Han Dynasty Social Structure

Usually only wealthy Han could afford lacquerwares
Photo by: Wikipedia Creative Commons

The second imperial dynasty of China was known as the Han Dynasty. It followed the Qin dynasty and founded by the rebel peasant leader Liu Bang. This regime was said to have retained the legalistic nature of the Qin dynasty, while eliminating its extreme ways such as corporal punishment. It was a period by characterized by age of cultural consolidation, economic affluence and major technological advances. More importantly, this dynasty was characterized by the rigid Han Dynasty social structure.

The society of the Han Dynasty can generally be described as highly structured with a clear definition of each social class. Han China was comprised of a three-tiered social system. Aristocrats and bureaucrats were at the top of this hierarchy followed by skilled laborers like farmers and iron workers. The bottom tier consisted of unskilled laborers such as servants and slaves. The emperor was at the top of the whole hierarchy.

At the top of the Han Dynasty social structure was the emperor. No subject was allowed to address the present emperor by name lest they take the risk of punishment. The most powerful relative of the emperor was the empress dowager or the wife of the previous emperor. Empress dowagers have the power to issue edicts and pardons as well as to appoint a new emperor in the case of the present emperor passing away without a designated heir.

Certain nobles were also present during different periods of the Han Dynasty. During the early Western Han, some military officers were designated as Kings and they ruled over semi-autonomous fiefs. Later on, only the emperor’s male relatives were given that designation. Regents and eunuchs were positions that were given to a few officials during the later periods of the dynasty. At the same time, those serving the government also had privileged positions during this dynasty. They were immune from arrests unless permission from the emperor was granted. Scholars also belonged to the same tier as that of the nobles and the government officials.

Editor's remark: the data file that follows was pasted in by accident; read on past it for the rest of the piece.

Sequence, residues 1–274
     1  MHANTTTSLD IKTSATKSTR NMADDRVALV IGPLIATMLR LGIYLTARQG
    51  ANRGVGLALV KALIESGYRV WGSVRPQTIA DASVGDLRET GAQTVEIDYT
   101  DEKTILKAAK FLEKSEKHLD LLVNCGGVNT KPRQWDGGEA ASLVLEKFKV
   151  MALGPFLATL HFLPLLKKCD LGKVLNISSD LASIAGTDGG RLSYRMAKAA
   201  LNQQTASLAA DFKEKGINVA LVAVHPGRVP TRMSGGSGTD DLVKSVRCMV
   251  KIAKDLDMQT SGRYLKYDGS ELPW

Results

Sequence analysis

Farmers and peasants comprise the second tier of the Han dynasty’s social hierarchy. Their social status can be considered to be above that of the laborers but well below those of the wealthier landowners. However, they were not looked down by their fellow gentrymen since the wealthy depended on them for their products.

Third class citizens consisted mainly of artisans and craftsmen who were responsible making useful items such as swords and knives as well as creating luxury goods for the wealthier class. They also belong to the second tier of the society. However, their status is held below that of farmers. Despite this, they were still allowed to wear fancy outfits and ride on carriages and horses. They weren’t prohibited from becoming officials.

Merchants belonged to the third tier along with the commoners and the servants. They were viewed as lowly by scholars and registered merchants were made to wear white as an indicator of their lowly status. Slaves make up about 1% of the dynasty’s whole population. They can either be privately owned or state-owned. State-owned slaves were often given work in palaces and offices while privately-owned slaves often end up doing domestic services and even farming.
The Han Dynasty social structure influenced China’s social structures long after it ended. It is important to note, however, that the assigned social classes for each member of the society dictated their status but not their wealth or power.